Crude oil is languishing in the "friend zone," and that's not enough for substantial swaths of the ailing sector.
The state of play: U.S. prices have hung out in the roughly $40-per-barrel range (and sometimes lower) for the last month after sharply recovering from the depths of April's price and demand collapse.
Why it matters: "I don’t think that $40 oil is enough to turn around the shale industry," oil analyst Andy Lipow tells the Wall Street Journal.
- "This price is still not enough to cover all the debt and costs that have been incurred during the boom," he said.
Threat level: There's other evidence that $40-per-barrel doesn't cut it for a number of oil-and-gas companies.
- An April Kansas City Fed survey of companies in their region found that roughly one-third said they do not expect to remain solvent at $40, even if prices stay there for less than a year.
- On the brighter side, a Dallas Fed survey in June of companies in their area, which includes Texas, found that the vast majority expect to remain solvent for the next year.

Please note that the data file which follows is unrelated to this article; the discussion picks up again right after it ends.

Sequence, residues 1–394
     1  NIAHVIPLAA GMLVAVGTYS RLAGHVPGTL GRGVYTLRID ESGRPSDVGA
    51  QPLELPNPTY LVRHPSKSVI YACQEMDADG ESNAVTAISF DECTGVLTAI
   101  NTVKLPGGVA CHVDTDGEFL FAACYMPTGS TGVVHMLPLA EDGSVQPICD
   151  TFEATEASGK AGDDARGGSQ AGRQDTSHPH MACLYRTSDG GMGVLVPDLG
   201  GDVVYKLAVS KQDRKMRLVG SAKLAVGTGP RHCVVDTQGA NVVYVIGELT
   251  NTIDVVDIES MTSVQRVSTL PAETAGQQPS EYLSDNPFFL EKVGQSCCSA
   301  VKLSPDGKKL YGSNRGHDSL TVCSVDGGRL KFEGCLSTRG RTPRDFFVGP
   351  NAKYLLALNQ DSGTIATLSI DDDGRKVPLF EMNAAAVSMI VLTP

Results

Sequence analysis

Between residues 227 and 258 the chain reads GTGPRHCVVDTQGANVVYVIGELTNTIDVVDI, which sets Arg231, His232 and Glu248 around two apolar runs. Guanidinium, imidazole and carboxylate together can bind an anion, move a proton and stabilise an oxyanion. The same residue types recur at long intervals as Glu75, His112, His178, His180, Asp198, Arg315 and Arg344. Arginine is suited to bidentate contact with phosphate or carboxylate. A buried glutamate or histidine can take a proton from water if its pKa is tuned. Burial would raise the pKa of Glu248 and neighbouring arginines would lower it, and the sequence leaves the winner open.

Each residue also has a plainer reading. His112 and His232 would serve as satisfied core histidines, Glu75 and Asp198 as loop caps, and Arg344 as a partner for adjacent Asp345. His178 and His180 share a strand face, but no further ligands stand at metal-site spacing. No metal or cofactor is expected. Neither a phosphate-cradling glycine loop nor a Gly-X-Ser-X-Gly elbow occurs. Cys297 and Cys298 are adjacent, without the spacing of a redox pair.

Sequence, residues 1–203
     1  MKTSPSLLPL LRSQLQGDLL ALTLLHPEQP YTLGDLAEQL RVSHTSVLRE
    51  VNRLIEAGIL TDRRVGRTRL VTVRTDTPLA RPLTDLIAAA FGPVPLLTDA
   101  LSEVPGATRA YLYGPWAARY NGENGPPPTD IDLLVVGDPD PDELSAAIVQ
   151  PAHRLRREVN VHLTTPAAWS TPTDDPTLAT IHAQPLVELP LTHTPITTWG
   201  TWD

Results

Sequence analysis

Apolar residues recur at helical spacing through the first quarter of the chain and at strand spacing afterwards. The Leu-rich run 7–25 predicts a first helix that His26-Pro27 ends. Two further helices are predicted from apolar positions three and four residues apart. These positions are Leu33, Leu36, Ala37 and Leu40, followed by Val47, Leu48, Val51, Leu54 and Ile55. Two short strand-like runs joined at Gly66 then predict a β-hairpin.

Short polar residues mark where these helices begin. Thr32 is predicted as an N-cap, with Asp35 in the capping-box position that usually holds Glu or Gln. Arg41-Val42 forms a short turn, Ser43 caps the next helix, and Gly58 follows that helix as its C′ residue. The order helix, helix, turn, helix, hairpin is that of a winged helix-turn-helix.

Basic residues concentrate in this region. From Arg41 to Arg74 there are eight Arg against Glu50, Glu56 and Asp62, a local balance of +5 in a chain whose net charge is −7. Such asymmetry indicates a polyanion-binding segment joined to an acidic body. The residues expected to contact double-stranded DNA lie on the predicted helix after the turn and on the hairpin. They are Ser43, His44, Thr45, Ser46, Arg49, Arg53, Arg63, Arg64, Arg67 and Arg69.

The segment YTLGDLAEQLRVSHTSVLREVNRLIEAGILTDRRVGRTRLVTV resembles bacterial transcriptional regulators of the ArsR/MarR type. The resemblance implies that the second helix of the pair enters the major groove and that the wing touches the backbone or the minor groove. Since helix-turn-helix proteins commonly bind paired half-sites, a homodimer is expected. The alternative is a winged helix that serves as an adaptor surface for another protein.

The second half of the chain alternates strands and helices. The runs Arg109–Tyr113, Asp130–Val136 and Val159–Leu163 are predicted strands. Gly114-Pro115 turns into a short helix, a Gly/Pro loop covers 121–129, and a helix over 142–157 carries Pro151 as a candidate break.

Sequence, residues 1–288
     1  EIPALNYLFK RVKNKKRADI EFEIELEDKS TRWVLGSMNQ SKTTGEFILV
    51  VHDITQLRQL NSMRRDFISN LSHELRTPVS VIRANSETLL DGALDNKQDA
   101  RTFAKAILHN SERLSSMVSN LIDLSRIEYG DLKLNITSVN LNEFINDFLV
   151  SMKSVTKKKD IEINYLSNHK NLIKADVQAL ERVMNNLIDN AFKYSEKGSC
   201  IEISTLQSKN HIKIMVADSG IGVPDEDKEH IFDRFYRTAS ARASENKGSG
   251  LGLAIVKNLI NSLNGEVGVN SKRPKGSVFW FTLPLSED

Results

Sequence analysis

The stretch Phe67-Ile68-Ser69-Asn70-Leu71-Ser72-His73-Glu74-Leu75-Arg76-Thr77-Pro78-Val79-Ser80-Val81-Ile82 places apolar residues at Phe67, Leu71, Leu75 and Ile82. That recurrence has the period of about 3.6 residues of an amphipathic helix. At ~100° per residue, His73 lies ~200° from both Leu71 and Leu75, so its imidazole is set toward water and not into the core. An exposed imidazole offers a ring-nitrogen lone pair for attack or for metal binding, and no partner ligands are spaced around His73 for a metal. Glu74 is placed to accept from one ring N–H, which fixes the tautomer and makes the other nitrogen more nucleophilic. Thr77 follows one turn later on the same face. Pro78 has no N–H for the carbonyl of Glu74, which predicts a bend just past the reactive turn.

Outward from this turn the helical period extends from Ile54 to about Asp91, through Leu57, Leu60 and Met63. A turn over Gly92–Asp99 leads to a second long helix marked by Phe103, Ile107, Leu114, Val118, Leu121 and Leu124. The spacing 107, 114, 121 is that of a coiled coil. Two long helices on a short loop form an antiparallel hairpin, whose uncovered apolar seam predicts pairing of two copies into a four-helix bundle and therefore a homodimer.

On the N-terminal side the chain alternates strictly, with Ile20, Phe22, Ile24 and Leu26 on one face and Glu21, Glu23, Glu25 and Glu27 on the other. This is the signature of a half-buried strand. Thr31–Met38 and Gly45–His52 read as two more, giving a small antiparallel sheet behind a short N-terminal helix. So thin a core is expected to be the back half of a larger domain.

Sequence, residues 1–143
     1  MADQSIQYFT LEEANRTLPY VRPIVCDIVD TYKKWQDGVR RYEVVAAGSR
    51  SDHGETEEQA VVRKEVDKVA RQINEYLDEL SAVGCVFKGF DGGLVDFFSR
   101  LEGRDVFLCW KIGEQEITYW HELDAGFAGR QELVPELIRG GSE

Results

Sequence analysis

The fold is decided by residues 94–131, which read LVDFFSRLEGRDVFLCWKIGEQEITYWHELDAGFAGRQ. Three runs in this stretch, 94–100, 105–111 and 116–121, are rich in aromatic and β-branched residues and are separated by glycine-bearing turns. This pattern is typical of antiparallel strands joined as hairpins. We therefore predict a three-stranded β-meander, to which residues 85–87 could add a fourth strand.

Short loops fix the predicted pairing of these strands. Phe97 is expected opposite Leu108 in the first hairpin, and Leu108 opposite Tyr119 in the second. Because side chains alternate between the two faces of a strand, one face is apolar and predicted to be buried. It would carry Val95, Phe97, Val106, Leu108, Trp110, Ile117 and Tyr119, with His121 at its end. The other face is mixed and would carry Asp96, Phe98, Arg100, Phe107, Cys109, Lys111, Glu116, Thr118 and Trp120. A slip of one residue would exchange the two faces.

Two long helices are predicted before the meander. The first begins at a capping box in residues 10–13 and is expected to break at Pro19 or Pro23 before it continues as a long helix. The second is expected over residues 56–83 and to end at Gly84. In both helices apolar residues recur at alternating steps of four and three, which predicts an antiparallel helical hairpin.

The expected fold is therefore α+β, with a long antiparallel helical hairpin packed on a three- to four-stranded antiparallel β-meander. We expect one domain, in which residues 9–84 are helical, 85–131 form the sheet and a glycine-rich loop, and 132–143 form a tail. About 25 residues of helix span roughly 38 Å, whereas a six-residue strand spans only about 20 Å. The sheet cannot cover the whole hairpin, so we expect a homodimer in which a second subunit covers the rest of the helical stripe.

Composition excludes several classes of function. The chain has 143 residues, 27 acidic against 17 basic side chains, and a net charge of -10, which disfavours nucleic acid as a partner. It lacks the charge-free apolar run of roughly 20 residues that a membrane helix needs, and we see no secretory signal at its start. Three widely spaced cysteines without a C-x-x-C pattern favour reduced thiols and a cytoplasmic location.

- However, a number of U.S. companies have already declared bankruptcy during the current crisis.
Where it stands: This morning, Brent crude was trading around $42.92 and WTI at roughly $40.40.
- The worsening spread of COVID-19 in the U.S. is creating headwinds even as output cuts domestically and worldwide have succeeded in tightening the market.
- "Over the last few weeks, traders have put more weight on how supply evolves, but from now everyone’s eyes are on demand again and how COVID-19 expands in the U.S.," Rystad Energy analyst said in a note Tuesday.
Yes, but: While low prices jeopardize some companies, Bloomberg reports the shale industry is getting more than $2.4 billion in loans from the federal Paycheck Protection Program.